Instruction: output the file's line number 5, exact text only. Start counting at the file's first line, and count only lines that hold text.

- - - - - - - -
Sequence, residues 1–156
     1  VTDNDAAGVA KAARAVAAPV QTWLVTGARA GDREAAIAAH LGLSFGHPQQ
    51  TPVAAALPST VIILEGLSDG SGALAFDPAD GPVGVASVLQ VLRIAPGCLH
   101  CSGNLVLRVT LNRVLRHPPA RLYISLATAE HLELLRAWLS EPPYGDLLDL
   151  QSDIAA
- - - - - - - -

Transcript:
   151  QSDIAA